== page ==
Although gay, lesbian, and queer theory are related practices, the three terms delineate separate emphases marked by different assumptions about the relationship between gender and sexuality.
Feminist literary theory is a complex, dynamic area of study that draws from a wide range of critical theories.
The Harlem Renaissance, an African-American literary movement of the 1920s and 1930s, included several important gay and lesbian writers.
The bisexual novelist and memoirist Violette Leduc is an astute psychological observer and a dramatic chronicler of women's issues.
Erotic and pornographic works have been written in many cultures since ancient times and recently have flourished with the relaxation of censorship.
Combining elements of incongruity, theatricality, and exaggeration, camp is a form of humor that helps homosexuals cope with a hostile environment.
Conflicted over his own sexuality, Tennessee Williams wrote directly about homosexuality only in his short stories, his poetry, and his late plays.
African-American writer Randall Kenan delineates the richly nuanced internal landscapes of the diverse inhabitants of his fictional community, Tims Creek, N. C.
At 12:01 a.m. on Sunday, December 9, 2012, the new age of marriage equality in Washington state dawned. After learning that Seattle City Hall's marriage docket was overflowing, seven judges in King County volunteered to come into the courthouse to perform marriage ceremonies on Sunday, their day off.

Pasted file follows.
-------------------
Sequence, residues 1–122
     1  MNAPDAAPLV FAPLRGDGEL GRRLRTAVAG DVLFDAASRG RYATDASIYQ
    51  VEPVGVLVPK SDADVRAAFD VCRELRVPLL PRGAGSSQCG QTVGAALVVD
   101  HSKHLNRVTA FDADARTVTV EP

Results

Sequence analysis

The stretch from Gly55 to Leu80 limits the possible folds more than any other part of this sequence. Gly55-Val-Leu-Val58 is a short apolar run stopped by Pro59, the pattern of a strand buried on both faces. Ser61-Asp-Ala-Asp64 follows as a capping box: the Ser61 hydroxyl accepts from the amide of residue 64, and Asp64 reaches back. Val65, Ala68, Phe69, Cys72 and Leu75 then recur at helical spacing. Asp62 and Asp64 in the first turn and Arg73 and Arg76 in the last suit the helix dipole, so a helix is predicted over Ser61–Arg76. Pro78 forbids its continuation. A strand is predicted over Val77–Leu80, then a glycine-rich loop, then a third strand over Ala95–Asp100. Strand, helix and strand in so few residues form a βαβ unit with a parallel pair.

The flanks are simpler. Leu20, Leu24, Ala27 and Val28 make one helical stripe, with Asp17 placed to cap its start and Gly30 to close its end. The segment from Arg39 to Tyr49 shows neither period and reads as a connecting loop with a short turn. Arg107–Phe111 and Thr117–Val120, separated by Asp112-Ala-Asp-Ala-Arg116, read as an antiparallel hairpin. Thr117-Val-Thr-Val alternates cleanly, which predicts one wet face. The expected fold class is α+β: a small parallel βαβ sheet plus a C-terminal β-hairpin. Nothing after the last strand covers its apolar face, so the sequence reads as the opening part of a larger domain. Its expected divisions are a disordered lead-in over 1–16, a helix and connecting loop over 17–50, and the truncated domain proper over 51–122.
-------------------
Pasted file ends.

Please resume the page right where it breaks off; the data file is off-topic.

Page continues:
As Dominic Holden observed in The Stranger, "It's almost too perfect," but the first same-sex wedding in the state was officiated by a judge "with the perfect name for the job: Judge Mary Yu."
At 12:01 a.m., Judge Yu married Sarah and Emily Cofer, who were the second couple in line to receive their marriage license on Thursday, December 6. She married several other couples in the early morning hours.
The moving video below, made by Perry Sjogren, captures the joy of newlyweds as they emerge from Seattle City Hall to be greeted by hundreds of happy supporters.
During the December 9, 2012 Holiday Concert of the Seattle Men's Chorus and the Seattle Women's Chorus two couples were wed. Neil Hoyt, member of the Seattle Mens Chorus, and his partner of 23 years, Donald Jenny, were married first. Then Jane Abbott Lighty and Pete-e Petersen, both members of Seattle Women's Chorus, partners for 35 years who received the first marriage license issued on December 6, were married next. Anne Levinson, retired judge and former deputy Seattle mayor, officiated. Dennis Coleman and Rhonda Juliano were witnesses.